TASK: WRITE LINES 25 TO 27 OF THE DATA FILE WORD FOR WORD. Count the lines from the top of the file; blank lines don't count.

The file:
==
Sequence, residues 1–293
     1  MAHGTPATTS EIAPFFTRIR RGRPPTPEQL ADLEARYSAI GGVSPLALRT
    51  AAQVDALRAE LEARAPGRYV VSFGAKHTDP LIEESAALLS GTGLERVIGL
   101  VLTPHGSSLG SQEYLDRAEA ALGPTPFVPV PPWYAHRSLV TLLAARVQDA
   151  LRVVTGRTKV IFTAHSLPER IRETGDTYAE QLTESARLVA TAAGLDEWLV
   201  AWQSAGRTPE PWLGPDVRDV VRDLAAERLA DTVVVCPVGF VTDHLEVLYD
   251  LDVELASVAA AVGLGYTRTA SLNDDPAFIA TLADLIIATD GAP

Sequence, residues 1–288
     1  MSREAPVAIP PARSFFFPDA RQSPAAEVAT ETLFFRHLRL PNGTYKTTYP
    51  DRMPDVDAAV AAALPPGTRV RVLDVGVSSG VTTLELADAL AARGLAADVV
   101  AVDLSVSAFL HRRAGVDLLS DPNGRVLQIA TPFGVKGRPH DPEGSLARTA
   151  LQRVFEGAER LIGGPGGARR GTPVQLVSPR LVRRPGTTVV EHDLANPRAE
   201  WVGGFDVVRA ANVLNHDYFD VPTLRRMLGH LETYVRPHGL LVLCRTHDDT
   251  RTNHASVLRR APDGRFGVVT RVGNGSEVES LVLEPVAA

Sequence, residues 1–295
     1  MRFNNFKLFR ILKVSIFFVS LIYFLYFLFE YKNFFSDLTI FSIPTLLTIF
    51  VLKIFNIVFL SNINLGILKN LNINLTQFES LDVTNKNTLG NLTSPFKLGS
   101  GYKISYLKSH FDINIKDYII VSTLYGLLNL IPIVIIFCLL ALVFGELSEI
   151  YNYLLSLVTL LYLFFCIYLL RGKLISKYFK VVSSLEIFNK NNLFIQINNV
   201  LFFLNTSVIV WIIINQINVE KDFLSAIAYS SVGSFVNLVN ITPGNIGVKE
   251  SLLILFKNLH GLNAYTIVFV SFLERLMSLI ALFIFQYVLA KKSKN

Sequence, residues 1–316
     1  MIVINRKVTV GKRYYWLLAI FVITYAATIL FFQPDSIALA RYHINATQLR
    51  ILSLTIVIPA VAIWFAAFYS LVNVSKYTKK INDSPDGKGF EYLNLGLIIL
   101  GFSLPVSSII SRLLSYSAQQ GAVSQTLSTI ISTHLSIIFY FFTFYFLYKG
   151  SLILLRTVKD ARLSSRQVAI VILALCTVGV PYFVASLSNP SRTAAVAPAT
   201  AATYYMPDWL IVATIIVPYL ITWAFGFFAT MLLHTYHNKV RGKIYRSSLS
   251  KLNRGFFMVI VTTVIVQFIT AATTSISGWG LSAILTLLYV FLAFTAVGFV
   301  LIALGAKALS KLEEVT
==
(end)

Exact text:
   101  GFSLPVSSII SRLLSYSAQQ GAVSQTLSTI ISTHLSIIFY FFTFYFLYKG
   151  SLILLRTVKD ARLSSRQVAI VILALCTVGV PYFVASLSNP SRTAAVAPAT
   201  AATYYMPDWL IVATIIVPYL ITWAFGFFAT MLLHTYHNKV RGKIYRSSLS